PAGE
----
Killing time on China's holiday highways

Cars jammed on the Shanghai-Beijing Expressway in Shanghai, China, 30 Sep 2012 Car park? No! It's a highway in China!

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When people in China think about the mid-autumn festival, they think about the moon, family reunions, and eating moon cakes.

But in recent years the festival has taken on a new meaning - traffic chaos.

Roads are clogged as millions and millions of people traverse the country during the "golden week" holiday.

This year has been particularly bad for two reasons. More people chose to travel because the holiday coincided with National Day and so stretched to eight days.

And this year travel was cheaper, because the government waived highway tolls for the first time ever during a holiday period.

The Ministry of Transport said about 85 million people used the expressway network on 30 September, the first day of the holiday, 13.3% more than the same period in 2011.

A stranded traveller walk his dog in the middle of a traffic jam on a highway in Suzhou, China, 30 Sept 2012 (Photo courtesy GodShepherd) GodShepherd sent the BBC this photo - walking a dog in the middle of a highway jam

Congestion eased somewhat on the second day - but the next travel peak is expected this weekend, when people crowd back onto the roads to return to work.

A microblog user in Guangzhou said she was praying for a jam-free journey home, having cut short her visit to Jiangxi to avoid the weekend peak.

Another in Henan said she was braced for a "battle" with the highway.

'Endless jam'

The topic has dominated social media - millions of people have posted comments about their travel experiences.

And across the country many people have managed to see the bright side of their situation - and find something to do to pass the time.

In Guangdong, a 40km (25 mile) stretch of highway from Shenzhen leading into Guangzhou was brought to a near standstill, state broadcaster China Central Television (CCTV) reported.

Similar queues were reported elsewhere. Netizen Nuanyang (a user name) was travelling with her family in Suzhou city on Sunday, just 30km from her home in Changshu.

But they ground to a halt after a service station and had to take a big detour in order to get home.

"The radio said there was a jam of 11km when we drove onto the highway," Nuanyang told the BBC via Sina Weibo - one of China's Twitter equivalents. "As we reached home, it became 38km."

Nuanyang said she had not taken any special preparations for the jams. But others got creative.

A picture gallery put up by the China News Service news agency showed people playing a Chinese version of hacky-sack - keeping a shuttlecock in the air using their feet - to pass the time.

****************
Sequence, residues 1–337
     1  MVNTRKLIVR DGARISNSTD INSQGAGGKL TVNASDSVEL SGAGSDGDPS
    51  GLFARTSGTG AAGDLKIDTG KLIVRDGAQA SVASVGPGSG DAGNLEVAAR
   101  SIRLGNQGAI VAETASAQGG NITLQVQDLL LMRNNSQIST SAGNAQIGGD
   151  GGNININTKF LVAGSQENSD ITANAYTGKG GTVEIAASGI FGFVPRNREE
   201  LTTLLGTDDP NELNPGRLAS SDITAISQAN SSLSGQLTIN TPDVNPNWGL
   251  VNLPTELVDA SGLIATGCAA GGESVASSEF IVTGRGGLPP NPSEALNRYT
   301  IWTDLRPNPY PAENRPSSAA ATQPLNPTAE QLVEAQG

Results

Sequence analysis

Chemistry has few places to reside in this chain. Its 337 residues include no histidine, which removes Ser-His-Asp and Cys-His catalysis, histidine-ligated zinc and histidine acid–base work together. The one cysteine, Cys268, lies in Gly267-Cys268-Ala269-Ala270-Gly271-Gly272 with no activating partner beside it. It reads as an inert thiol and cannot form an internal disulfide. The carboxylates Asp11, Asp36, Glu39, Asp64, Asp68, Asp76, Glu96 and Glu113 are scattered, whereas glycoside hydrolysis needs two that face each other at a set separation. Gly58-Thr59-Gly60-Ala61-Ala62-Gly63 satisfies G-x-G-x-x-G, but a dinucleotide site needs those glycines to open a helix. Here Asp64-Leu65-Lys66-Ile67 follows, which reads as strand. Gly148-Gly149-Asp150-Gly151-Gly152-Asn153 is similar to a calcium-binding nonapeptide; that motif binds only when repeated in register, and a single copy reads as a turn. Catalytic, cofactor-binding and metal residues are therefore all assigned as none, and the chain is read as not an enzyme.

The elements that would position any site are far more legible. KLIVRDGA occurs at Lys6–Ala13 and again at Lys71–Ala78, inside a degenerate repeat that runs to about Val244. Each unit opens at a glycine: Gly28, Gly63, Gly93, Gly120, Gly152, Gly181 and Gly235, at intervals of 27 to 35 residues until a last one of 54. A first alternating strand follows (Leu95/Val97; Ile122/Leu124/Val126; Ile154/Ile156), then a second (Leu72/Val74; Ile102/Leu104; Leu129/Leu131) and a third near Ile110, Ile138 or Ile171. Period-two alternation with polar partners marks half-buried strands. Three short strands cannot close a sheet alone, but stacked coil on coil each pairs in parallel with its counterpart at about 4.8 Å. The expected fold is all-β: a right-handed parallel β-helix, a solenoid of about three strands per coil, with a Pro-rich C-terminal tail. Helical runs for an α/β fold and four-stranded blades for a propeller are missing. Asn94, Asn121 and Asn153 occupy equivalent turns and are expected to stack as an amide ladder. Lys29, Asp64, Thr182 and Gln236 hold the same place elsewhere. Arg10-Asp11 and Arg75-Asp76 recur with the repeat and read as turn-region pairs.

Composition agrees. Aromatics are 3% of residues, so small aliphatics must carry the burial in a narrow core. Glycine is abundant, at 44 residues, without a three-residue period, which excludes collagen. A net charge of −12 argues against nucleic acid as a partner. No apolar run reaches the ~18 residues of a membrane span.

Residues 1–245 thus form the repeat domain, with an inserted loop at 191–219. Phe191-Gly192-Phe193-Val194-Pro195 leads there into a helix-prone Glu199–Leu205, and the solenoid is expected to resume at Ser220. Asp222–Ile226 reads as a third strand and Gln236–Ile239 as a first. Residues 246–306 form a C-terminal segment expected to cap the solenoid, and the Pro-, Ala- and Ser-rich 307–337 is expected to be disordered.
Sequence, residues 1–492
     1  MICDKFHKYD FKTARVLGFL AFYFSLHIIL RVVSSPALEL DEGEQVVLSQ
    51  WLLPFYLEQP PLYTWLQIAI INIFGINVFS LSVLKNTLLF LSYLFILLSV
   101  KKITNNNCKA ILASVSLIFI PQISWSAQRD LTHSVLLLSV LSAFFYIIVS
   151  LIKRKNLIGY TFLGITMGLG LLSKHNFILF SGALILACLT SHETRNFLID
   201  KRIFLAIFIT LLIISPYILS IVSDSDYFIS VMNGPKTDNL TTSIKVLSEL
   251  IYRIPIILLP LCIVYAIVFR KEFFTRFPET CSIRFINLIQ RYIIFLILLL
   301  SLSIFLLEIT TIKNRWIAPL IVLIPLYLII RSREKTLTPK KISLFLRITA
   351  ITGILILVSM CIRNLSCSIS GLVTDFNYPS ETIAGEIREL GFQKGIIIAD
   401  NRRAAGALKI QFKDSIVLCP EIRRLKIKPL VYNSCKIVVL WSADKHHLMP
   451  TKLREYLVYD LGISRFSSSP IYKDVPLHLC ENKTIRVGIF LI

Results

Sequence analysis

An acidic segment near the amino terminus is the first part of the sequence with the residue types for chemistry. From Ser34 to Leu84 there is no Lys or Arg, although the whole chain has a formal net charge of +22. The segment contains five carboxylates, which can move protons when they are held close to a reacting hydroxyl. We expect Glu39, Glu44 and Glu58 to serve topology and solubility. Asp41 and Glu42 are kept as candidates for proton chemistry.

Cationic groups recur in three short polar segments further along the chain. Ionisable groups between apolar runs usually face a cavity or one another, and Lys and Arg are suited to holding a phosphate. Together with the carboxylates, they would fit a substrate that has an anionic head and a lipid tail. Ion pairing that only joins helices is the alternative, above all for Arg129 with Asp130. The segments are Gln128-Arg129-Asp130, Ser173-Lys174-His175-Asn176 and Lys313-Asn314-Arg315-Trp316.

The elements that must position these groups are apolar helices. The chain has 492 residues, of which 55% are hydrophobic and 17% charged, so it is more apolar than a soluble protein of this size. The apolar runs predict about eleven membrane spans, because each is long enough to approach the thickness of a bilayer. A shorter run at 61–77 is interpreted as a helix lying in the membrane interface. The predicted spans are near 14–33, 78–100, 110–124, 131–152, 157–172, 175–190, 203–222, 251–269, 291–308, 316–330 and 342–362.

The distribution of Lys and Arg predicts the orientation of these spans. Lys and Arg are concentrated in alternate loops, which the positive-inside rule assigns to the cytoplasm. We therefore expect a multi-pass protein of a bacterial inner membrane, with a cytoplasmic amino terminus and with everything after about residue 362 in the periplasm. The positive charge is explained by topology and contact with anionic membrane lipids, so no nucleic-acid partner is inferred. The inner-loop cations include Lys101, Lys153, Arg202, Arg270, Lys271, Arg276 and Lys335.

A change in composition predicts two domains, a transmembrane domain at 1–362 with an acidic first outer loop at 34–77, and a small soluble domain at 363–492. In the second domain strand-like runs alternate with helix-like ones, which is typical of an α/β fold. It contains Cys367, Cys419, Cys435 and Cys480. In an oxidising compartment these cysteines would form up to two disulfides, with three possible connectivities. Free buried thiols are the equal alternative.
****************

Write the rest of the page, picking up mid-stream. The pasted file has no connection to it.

Another photo published by Shanghai-based news portal Eastday showed two people playing tennis on the Shenzhen-Shantou Highway. The report also described people stretching cramped muscles out, turning the highway a "mass gym".

Drivers stand in the middle of a traffic jam on a highway in Suzhou, China, 30 Sept 2012 (Photo courtesy Nuanyang) Got nothing prepared for the jam? Just hang out for a bit!

Other netizens reported playing cards to pass the time and one, with the username GodShepherd, sent the BBC a photo of a traveller walking his dog in the jam. It turns out that he was travelling on the same highway that Nuanyang got stuck on.

Another Tencent Weibo user in Guangzhou posted a photo showing cars parked in a row on a highway heading for west Guangdong. It had become a "temporary public toilet", the user joked.

One joke is circulating widely in cyberspace: After more than 10 hours stuck on the highway, a man took out a long wooden stick, and killed a snail by beating its shell into dust. "How dare you overtake me?" he yelled.

Others chose to embrace the chaos, like this student in Shanxi who joked: "What a spectacular jam on the highway! I rushed into it! I didn't spend my National Day holiday in vain!"

But Guangzhou's New Express Daily newspaper said two men had managed to travel jam-free.

The enterprising duo spent more than 15 hours canoeing from Zengcheng city to Guangzhou, spending their mid-autumn festival admiring the moon from the river.

Return peak

China has significantly expanded its highway network in recent years but it still cannot cope with the holiday demand.

The Chinese cabinet approved the toll-free scheme in August, hoping this would alleviate the holiday jams.

But many highways maintained standard practice - drivers obtained a toll card at the entrance and returned it at the exit - even though there was no need to pay.

Beijing News reports the capital's highways saw a significant improvement on 1 October after the municipal government told the highways to stop doing that, and now the Transport Ministry has ordered the rest to follow suit.

Over the eight-day period, China expects a total of 740 million trips - including 660 million by road and water - to be made by various means of transport, the official Xinhua news agency quoted the Ministry of Transport as saying.

So do Chinese motorists think toll-free for holidays is indeed a good thing?

"My only thought is: will they waive the toll again next year?" asked netizen Nuanyang.

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